The suit coats that Mr. Shattuck creates in his Sackets Harbor workshop are the result of a techniques passed down through generations of tailors.
“I was selling real estate in Syracuse a long time ago and I couldn’t stand it. So I went to two old tailors that made both my grandfathers’ suits and I would hang out in their shop all day because I liked them and they liked me. And one day I just started working with them. I picked up a thimble and that’s how it all started. “
After seven years, the old tailors, who were twins and 90 years old, retired when they lost their lease. Mr. Shattuck moved to New York to continue his education.
The head tailor of the first shop in which he worked opened up his own shop and took Mr. Shattuck with him.
“He took the time to show me all of the oldest, old, old, minute little hand work secrets that all the old tailors knew. And that’s what I still do today.”
Saying his jackets are handmade is not an exaggeration. He cuts the material with 100-year-old scissors and only a few seams are done on his 80-year-old sewing machine.
“If you went to an old tailor shop in Sicily in the year 1900, everything I do, they do,” Mr. Shattuck said. “Except my machine isn’t a treadle machine and you don’t heat the iron with coal. But, other than that, I do exactly what they do, hopefully close to as good.”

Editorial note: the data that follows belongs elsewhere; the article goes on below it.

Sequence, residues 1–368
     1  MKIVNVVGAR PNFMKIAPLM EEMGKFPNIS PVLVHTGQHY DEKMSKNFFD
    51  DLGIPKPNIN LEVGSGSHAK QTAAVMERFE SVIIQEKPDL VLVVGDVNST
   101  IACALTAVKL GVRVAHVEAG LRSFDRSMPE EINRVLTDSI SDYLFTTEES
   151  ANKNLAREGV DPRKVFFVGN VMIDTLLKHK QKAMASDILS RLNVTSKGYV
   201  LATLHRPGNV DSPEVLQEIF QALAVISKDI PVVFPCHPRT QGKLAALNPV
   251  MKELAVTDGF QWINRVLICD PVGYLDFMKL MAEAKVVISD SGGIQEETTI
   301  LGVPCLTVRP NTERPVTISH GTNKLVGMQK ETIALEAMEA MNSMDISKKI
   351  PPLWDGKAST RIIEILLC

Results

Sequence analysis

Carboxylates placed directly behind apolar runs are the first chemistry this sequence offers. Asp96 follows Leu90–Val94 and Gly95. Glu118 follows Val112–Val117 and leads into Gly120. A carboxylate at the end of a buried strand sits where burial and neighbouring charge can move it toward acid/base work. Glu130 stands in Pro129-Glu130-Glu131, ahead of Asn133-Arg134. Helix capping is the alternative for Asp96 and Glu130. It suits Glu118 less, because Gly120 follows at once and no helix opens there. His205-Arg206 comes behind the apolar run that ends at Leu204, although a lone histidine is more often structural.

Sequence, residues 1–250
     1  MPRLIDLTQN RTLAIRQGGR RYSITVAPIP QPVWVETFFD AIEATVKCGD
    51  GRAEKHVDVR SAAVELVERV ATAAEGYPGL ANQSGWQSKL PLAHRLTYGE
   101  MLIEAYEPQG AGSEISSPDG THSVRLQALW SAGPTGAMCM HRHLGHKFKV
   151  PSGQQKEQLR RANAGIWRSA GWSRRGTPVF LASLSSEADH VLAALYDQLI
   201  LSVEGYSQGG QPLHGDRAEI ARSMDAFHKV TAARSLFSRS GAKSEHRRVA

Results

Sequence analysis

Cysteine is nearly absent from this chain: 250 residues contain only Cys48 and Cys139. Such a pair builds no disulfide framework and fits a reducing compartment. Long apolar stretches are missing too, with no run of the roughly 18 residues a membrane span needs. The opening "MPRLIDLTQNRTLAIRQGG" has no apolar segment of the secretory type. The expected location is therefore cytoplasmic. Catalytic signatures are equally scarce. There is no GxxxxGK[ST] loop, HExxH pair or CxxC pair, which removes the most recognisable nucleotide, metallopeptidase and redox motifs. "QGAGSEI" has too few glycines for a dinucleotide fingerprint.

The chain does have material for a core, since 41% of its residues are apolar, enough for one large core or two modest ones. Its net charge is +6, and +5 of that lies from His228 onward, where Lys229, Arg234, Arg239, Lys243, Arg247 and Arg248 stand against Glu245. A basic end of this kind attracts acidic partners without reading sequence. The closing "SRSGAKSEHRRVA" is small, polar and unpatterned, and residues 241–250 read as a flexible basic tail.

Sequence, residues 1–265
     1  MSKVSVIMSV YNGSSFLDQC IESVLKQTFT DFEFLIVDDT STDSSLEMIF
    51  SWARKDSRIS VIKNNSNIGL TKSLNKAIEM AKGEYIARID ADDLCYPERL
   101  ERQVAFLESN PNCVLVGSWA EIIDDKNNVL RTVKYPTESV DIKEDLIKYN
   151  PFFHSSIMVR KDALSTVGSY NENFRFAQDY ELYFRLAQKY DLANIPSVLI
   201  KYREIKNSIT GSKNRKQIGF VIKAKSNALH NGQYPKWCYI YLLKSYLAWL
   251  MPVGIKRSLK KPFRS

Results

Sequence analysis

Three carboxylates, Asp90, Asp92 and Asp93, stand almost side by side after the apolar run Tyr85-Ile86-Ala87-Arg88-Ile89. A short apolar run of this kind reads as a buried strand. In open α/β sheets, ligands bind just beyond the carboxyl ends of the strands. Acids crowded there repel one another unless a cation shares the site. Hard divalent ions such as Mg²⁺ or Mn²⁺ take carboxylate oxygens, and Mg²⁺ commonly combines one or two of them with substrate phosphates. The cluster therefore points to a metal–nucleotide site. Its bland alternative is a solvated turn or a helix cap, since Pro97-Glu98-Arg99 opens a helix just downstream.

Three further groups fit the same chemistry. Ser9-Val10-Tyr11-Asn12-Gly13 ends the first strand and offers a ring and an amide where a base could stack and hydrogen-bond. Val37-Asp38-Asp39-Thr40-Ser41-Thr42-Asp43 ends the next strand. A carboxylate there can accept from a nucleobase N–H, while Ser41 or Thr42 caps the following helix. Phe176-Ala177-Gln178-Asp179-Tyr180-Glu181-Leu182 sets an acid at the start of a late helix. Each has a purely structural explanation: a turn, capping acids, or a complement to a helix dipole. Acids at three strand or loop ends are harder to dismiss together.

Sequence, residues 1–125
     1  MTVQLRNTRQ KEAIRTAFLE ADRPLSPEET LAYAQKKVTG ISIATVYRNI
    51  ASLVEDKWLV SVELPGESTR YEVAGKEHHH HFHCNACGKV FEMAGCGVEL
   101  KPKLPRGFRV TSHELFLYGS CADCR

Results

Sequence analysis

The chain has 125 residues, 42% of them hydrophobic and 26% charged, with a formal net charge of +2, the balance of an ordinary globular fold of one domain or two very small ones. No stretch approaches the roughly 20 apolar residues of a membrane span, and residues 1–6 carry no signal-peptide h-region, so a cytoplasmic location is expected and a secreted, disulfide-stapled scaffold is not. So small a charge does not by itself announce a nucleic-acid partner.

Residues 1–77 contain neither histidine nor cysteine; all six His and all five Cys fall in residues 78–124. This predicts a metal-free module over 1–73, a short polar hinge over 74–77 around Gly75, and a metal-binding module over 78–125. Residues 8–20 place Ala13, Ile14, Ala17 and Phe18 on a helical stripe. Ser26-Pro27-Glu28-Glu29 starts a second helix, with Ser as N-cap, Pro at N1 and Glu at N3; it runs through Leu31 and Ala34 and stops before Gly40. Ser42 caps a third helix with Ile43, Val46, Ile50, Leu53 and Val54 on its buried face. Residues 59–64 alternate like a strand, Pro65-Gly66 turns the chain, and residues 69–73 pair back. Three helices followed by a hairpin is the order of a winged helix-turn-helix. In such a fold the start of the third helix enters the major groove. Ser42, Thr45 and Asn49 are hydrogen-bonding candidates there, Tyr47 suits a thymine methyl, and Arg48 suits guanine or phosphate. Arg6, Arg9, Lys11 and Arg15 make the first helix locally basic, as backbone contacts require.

Mr. Shattuck’s jackets cost several thousand dollars and his customers come from all over the world.
He uses Skype to help customers take their measurements and to later try on muslin mock ups and then the full jacket before final alterations.
“And they do it instead of having them made in their own country because they’re people that have researched it and they know the real, authentic work,” Mr. Shattuck said. “They don’t care about anything flashy and they don’t care about walking into a big establishment and being treated like gold. They just want the pure, authentic coat and the know the difference. So, that’s who my customers are.”
Mr. Shattuck’s workshop is far from flashy. One corner is occupied by a cutting table, his ancient sewing machine and a tailor’s dummy. The other corner houses the free weights he uses for workouts and the walls are covered with coat patterns. Nearly every flat surface is littered with bird carvings — Mr. Shattucks, artistic release when he is not sewing. Mr. Shattuck is also an actor having appeared in several movies, an episode of Law and Order and two episodes of Boardwalk Empire in the role of Charlie Sheridan.
After 35 years in tailor shops he can’t imagine doing anything else and he does not know where the next tailors are coming from.